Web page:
Those looking for a dairy-free milk substitute have probably stumbled across almond milk and wondered, “Is almond milk good for you?” Whether you’re a vegan, sensitive to milk or just don’t like the taste, almond milk is a fabulous alternative.
While almond milk is becoming more and more popular, it’s important to note that it doesn’t provide as much protein or calcium to be a complete substitute, so make sure you receive adequate amounts from other sources. One cup only has one gram of protein versus 8 grams in cow’s milk, and 2 milligrams of calcium versus 300 milligrams in cow’s milk.
As with everything you buy, make sure to check the labels and purchase almond milk that contains the least amount of preservatives and other additives.
1. It helps with weight management.
One cup of almond milk contains only 60 calories, as opposed to 146 calories in whole milk, 122 calories in 2 percent, 102 calories in 1 percent, and 86 calories in skim. It makes for a great substitute that will help you lose or maintain your current weight.
2. It keeps your heart healthy.
There’s no cholesterol or saturated fat in almond milk. It’s also low in sodium and high in healthy fats (such as omega fatty acids, typically found in fish), which helps to prevent high blood pressure and heart disease.
3. It keeps your bones strong
While it doesn’t offer as much calcium as cow’s milk, almond milk does offer 30 percent of the recommended daily amount, as well as 25 percent of the recommended amount of vitamin D, reducing your risk for arthritis and osteoporosis and improving your immune function. Plus, these two nutrients work together to provide healthy bones and teeth formation.
4. It keeps your skin glowing.
Almond milk contains 50 percent of the recommended daily amount of vitamin E, which contains antioxidant properties essential to your skin’s health, such as protecting it against sun damage.
5. It barely impacts your blood sugar.
Almond milk (with no additives) is low in carbs, which means it won’t significantly increase your blood sugar levels, reducing your risk for diabetes. Because of its low glycemic index, your body will use the carbs as energy so the sugars aren’t stored as fat (score!).
6. It contributes to muscle strength and healing.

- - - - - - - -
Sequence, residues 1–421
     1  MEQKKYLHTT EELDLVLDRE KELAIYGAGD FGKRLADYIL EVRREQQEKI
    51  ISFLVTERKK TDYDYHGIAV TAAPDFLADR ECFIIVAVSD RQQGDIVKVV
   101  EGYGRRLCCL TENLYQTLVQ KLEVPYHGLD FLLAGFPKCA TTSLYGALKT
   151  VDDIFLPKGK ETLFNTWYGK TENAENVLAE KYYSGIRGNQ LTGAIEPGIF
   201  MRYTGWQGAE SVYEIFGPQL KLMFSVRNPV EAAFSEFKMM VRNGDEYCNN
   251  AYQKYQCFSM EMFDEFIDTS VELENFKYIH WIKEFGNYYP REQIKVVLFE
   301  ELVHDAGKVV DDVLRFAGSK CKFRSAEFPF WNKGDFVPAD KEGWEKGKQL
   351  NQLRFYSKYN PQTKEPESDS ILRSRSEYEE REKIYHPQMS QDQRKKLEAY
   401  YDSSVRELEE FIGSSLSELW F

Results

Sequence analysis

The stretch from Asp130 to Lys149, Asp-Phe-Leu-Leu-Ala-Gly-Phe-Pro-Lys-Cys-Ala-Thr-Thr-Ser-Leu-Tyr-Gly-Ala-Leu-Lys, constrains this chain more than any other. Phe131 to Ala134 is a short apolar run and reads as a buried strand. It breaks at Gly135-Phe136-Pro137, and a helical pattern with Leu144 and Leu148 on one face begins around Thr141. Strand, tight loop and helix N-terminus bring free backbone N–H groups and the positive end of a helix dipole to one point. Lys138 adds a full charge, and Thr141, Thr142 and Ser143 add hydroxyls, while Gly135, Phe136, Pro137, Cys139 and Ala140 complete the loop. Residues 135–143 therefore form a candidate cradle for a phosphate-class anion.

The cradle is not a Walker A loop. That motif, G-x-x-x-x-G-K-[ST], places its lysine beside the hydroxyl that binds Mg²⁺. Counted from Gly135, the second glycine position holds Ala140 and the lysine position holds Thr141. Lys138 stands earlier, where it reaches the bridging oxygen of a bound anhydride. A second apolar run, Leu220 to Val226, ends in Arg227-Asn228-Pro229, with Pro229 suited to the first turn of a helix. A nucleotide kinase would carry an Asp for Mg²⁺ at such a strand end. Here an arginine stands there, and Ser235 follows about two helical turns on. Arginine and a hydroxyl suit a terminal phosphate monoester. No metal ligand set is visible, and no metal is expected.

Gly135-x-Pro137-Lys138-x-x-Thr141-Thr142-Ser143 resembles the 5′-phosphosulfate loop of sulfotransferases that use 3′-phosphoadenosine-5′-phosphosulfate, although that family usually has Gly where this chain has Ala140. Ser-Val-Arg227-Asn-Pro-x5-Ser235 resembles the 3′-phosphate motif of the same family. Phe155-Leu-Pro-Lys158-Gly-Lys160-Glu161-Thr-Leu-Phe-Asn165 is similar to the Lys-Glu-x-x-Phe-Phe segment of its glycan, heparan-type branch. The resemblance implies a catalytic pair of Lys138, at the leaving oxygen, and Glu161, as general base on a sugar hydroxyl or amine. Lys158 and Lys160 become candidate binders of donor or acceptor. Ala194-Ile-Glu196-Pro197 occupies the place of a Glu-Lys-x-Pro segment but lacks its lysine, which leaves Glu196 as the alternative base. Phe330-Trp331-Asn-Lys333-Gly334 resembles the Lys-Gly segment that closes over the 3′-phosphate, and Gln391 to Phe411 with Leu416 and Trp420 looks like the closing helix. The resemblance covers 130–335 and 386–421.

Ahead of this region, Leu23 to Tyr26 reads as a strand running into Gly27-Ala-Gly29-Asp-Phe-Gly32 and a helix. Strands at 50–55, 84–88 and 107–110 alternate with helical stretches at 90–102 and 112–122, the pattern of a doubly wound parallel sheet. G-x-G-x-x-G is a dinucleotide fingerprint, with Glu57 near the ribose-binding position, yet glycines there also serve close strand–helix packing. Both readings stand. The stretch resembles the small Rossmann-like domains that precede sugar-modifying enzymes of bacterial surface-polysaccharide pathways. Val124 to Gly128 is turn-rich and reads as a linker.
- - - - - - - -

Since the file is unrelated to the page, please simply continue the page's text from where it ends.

Although almond milk only contains 1 gram of protein per serving, it contains plenty of B vitamins such as iron and riboflavin, both important for muscle growth and healing.
7. It keeps your digestion in check.
Almond milk contains almost one gram of fiber per serving, which is important for healthy digestion.
8. It doesn’t contain lactose.
Lactose intolerance impacts about 25% of the US population, which means they have difficulty digesting the sugar in cow’s milk. This makes almond milk a suitable, lactose-free substitute.
9. It tastes better than cow’s milk.
Almond milk doesn’t taste like cow’s milk, perfect for those who are turned off by the taste. It has its own unique flavor many describe as being light and crisp. Bonus: it’s versatile, meaning you can use it instead of cow’s milk in recipes that require it. It won’t have the same taste, but it will have the same consistency.
10. It doesn’t require refrigeration.
Knowing that you don’t have to refrigerate almond milk means you’ll be more likely to take it with you to work, or on a camping trip. It’s perfectly fine at room temperature which makes it a convenient, nutritious staple to pack, automatically upping your daily intake of all the fabulous nutrients above.
11. It’s easy to make.
Being that it’s a tad inconvenient to have a cow grazing in your backyard, almond milk is the convenient alternative to make at home. It’s made by finely grinding almonds and placing them in a blender with water, then filtering the pulp with a strainer to separate it from the liquid. Want to give it a try?
Here’s a delicious almond milk recipe.
Yield: About 4 cups
Time: About 30 minutes, partially unattended, plus 8 to 12 hours for soaking the almonds
1½ cups raw almonds
1 tablespoon maple syrup
½ teaspoon vanilla extract
Ground cinnamon to taste
Freshly ground nutmeg to taste
1. Put the almonds in a large bowl and add enough water to cover them by 2 inches. Soak the almonds at room temperature for 8 to 12 hours. (The almonds will look visibly plumped after soaking.)
2. Bring a kettle of water to a boil. Drain the almonds and transfer them to a blender or food processor. Add 1 cup of room-temperature water to the almonds and process for 1 to 2 minutes. The mixture should have the consistency of a thick paste. Transfer the paste to a medium bowl and add 2 cups of the boiling water. Let steep for about 10 minutes.
3. Working in batches, ladle the almond mixture into a medium- to fine-mesh metal strainer set over a large bowl. Press the ground almonds with the back of a spoon to extract as much liquid as possible. (Reserve the ground almonds for another use.)
4. Add the maple syrup and vanilla, plus a pinch each of salt, cinnamon, and nutmeg, to the almond milk; whisk to combine thoroughly. Taste and adjust the seasoning. Serve at room temperature or chilled. (Store almond milk in the refrigerator in an airtight container for up to a few days, stirring before use.)